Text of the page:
Open source powering the next generation of AI

Open source offers the robotics industry a better way to build AI.

The next generation of Artificial Intelligence (AI) and robots could be developed by private industry and sold in a traditional proprietary fashion. But what happens when the majority of the robotics research pool comes from academia?

Open source happens, as EE Times describes:

For the researchers involved, one crucial characteristic of the new robot is that both the hardware and software are open-source and designed for easy collaboration. Whether the researchers build better cognitive architectures, learning algorithms, sensors or limbs, once their work has been proved on the European Commission-funded iCub, it can be shared and used to improve the next generation of machines....

"Open-source is an open faucet in a desert," said Olivier Sigaud, a professor at the Institute for Intelligent Systems and Robotics in Paris.

It turns out that academic researchers have long been stymied in their research by the NDAs and cumbersome processes promoted by private, proprietary industry. Opening up the field with open source thus makes a lot of sense.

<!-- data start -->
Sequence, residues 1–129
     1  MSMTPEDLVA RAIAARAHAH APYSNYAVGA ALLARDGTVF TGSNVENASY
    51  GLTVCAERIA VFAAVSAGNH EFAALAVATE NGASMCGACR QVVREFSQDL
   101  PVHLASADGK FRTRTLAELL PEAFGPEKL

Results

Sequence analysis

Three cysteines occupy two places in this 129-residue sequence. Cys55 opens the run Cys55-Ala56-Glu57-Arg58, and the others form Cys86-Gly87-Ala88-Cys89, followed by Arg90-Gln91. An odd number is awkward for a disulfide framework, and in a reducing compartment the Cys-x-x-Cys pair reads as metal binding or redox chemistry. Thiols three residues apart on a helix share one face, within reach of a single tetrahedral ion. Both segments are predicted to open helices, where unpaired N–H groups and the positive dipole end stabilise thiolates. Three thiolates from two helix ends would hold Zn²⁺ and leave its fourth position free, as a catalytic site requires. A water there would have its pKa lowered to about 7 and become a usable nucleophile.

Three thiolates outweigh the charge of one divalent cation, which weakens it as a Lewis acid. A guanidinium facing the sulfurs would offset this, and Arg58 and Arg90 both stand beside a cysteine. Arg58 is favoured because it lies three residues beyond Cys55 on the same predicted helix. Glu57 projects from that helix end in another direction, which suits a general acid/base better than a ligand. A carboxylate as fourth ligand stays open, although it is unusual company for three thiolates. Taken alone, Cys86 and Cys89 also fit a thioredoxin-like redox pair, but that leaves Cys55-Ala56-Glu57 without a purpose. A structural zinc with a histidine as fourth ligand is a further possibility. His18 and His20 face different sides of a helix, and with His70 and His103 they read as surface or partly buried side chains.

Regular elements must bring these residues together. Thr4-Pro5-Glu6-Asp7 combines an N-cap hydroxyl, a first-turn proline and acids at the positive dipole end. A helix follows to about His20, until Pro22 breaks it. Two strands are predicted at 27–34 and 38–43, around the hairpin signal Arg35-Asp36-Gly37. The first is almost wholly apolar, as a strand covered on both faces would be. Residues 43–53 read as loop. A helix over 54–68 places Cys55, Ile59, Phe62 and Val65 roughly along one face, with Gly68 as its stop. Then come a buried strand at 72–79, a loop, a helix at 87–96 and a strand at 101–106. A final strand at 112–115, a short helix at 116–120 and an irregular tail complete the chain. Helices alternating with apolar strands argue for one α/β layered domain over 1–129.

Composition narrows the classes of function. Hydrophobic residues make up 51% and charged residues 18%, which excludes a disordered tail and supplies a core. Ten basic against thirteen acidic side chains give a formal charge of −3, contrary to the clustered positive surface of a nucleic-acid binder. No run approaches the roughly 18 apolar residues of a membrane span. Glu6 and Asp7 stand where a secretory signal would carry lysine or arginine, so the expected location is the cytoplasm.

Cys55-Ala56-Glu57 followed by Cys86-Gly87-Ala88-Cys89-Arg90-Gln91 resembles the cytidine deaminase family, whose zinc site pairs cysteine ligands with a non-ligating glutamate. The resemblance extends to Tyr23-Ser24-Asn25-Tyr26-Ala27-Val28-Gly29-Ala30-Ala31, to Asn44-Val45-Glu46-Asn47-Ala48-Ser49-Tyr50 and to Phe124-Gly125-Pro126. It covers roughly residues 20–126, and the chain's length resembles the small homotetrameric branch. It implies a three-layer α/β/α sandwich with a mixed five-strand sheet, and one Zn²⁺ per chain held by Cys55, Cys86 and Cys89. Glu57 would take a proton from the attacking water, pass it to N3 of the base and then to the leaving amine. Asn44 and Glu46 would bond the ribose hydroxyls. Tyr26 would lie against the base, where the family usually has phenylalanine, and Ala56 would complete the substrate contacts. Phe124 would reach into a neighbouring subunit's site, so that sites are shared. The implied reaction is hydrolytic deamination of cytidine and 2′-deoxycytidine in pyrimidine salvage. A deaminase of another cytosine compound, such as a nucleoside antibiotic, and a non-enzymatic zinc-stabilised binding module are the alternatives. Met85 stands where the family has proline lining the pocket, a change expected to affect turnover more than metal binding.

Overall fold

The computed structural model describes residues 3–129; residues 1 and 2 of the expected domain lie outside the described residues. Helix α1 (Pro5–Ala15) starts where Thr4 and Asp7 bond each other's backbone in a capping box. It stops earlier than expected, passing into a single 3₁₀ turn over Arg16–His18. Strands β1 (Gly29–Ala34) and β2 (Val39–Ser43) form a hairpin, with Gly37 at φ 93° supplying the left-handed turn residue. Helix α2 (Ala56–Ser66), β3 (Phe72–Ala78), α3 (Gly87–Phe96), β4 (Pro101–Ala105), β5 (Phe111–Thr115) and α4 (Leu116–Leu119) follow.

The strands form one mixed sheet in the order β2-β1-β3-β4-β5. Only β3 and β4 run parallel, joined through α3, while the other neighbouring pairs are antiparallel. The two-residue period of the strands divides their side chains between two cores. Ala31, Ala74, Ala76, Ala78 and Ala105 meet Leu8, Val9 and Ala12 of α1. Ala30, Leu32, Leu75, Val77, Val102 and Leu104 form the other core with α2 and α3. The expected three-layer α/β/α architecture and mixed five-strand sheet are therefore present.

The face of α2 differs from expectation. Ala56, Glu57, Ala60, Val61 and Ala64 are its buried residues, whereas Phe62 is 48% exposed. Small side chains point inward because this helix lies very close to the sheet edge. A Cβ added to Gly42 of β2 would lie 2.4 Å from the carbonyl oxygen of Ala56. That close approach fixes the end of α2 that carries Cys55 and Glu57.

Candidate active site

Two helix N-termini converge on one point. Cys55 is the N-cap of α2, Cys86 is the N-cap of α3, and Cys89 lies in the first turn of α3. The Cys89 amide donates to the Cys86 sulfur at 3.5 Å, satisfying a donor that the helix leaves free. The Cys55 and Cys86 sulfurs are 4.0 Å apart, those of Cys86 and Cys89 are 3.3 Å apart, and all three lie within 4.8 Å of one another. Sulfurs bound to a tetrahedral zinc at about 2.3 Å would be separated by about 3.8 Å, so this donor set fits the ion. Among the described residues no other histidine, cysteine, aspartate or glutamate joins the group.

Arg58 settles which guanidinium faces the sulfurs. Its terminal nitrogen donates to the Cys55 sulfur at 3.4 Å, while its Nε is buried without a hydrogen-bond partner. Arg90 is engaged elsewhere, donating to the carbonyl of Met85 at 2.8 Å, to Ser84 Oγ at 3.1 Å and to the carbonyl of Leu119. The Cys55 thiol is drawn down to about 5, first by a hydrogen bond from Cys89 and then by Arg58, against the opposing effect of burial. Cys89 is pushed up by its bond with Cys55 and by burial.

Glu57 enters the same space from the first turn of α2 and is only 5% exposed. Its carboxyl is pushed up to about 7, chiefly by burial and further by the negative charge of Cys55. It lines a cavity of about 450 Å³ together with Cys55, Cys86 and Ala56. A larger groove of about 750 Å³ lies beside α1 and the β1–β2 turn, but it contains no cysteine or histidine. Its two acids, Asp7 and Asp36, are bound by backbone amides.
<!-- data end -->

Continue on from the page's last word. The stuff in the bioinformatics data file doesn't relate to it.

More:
Who knows? Perhaps your Jetsons lifestyle will be powered by open source.

Tags:
Tech Culture
About the author

    Matt Asay is chief operating officer at Canonical, the company behind the Ubuntu Linux operating system. Prior to Canonical, Matt was general manager of the Americas division and vice president of business development at Alfresco, an open-source applications company. Matt brings a decade of in-the-trenches open-source business and legal experience to The Open Road, with an emphasis on emerging open-source business strategies and opportunities. He is a member of the CNET Blog Network and is not an employee of CNET. You can follow Matt on Twitter @mjasay.

     

    Join the discussion

    Conversation powered by Livefyre

    Show Comments Hide Comments
    Latest Galleries from CNET
    Uber's tumultuous ups and downs in 2014 (pictures)
    The best and worst quotes of 2014 (pictures)
    A roomy range from LG (pictures)
    This plain GE range has all of the essentials (pictures)
    Sony's 'Interview' heard 'round the world (pictures)
    Google Lunar XPrize: Testing Astrobotic's rover on the rocks (pictures)